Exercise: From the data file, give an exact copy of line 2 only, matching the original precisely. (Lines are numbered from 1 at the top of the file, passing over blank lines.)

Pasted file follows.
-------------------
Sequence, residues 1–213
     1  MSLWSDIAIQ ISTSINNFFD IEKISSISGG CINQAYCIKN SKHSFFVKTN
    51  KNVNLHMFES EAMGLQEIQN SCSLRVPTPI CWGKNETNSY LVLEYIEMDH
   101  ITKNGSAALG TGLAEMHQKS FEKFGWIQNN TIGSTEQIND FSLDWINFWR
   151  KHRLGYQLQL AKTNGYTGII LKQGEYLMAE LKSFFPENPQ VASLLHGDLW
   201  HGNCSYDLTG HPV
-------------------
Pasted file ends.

     1  MSLWSDIAIQ ISTSINNFFD IEKISSISGG CINQAYCIKN SKHSFFVKTN